The Los Angeles County Board of Supervisors have appointed the first five Youth Commissioners to join Los Angeles County’s first-ever Youth Commission.
The Commission will formally launch in July, once a total of 15 Commissioners have joined.It will be the first of its kind in LA County to give youth with lived experience in foster care, child welfare, and juvenile justice the opportunity to recommend specific policies that will lead to substantive change for those currently being impacted by these systems.
Florencia Valenzuela, La’Toya Cooper and Daniel Bisuano will represent the First, Second, and Third districts respectively. Other initial selectees included Jacqueline Robles (Fourth District) and Amanda Hernandez (Fifth District).
“Florencia is a young and bright soul who has defied the odds despite the adversities she has faced navigating the child welfare system,” said Supervisors Chair Hilda L. Solis, Supervisor to the First District.
“A senior at UCLA and a resident of Rosemead, Florencia is dedicated to standing up for young people and driven to help them overcome the same hurdles she’s experienced — exactly what we need in Los Angeles County’s newly established Youth Commission.”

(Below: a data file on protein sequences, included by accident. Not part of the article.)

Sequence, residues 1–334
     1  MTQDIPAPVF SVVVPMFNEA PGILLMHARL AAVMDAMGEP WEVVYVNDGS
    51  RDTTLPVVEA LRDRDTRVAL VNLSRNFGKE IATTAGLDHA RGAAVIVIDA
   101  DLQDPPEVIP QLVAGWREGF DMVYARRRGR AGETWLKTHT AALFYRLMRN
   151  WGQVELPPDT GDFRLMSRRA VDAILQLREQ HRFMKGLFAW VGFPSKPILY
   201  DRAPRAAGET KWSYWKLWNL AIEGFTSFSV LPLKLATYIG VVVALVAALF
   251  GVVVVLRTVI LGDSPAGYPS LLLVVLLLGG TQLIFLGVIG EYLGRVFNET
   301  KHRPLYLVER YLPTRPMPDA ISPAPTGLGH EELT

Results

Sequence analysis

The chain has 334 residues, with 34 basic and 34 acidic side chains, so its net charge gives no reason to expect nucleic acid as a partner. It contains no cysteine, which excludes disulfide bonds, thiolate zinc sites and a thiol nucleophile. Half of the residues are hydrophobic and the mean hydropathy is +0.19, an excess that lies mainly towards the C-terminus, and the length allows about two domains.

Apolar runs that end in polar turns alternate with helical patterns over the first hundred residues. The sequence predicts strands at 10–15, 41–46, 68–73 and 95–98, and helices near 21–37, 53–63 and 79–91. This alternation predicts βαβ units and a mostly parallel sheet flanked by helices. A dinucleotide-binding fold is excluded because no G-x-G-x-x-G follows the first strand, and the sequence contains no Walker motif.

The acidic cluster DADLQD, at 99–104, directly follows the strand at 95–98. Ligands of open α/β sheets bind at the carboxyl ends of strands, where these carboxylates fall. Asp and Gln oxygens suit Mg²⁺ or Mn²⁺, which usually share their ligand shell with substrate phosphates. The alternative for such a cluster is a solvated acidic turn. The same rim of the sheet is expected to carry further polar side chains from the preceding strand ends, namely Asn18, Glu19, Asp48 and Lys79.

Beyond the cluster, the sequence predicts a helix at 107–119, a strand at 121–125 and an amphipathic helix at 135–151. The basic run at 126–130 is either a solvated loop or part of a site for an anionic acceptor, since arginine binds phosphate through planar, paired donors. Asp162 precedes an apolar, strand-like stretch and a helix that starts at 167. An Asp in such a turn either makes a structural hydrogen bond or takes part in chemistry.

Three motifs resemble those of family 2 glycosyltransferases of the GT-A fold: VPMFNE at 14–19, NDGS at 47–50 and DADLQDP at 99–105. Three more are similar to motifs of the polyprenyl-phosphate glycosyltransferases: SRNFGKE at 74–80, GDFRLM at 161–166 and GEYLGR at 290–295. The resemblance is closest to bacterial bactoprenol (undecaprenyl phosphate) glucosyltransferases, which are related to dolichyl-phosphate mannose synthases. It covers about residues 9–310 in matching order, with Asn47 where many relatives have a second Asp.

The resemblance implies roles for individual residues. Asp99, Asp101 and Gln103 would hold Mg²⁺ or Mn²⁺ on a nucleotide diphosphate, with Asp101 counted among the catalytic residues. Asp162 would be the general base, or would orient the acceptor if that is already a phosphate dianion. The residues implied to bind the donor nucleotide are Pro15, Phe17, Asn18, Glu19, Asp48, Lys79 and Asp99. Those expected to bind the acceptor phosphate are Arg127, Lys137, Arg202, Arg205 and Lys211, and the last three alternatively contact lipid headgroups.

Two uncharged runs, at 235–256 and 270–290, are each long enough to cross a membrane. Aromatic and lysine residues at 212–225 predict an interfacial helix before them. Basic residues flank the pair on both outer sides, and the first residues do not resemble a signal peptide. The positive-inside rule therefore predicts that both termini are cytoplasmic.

Second District Supervisor Holly Mitchel said she was “proud” to have Cooper serve on the commission. “La’Toya’s lived experienced and dedication to ensuring our most vulnerable youth are cared for makes her an asset to the Commission and to the young people in the Second District and throughout LA County that she is fighting for.”
Third District Supervisor Sheila Kuehl cited Bisuano’s leadership skills “along with his own experience as a homeless, gay, formerly incarcerated young man,” to better help inform the board about its county youth programs and “give us insights that only those who have had first-hand experience can bring.”
These first five Board appointees represent the beginning of the Youth Commission’s launch. While the Youth Commission will start with 15 Commissioners, it will have the option to increase its membership to 19 after its first year.
The goal of the Commission is to give young people with lived experience opportunities to fundamentally transform the child welfare and juvenile justice systems they have had to navigate.
“We are all looking forward to seeing the growth of the Youth Commission and its impact on the County,” said Celia Zavala, executive officer of the Board of Supervisors who oversees the Commission. “Our youth are the future and the ones we will count on to lead the way.”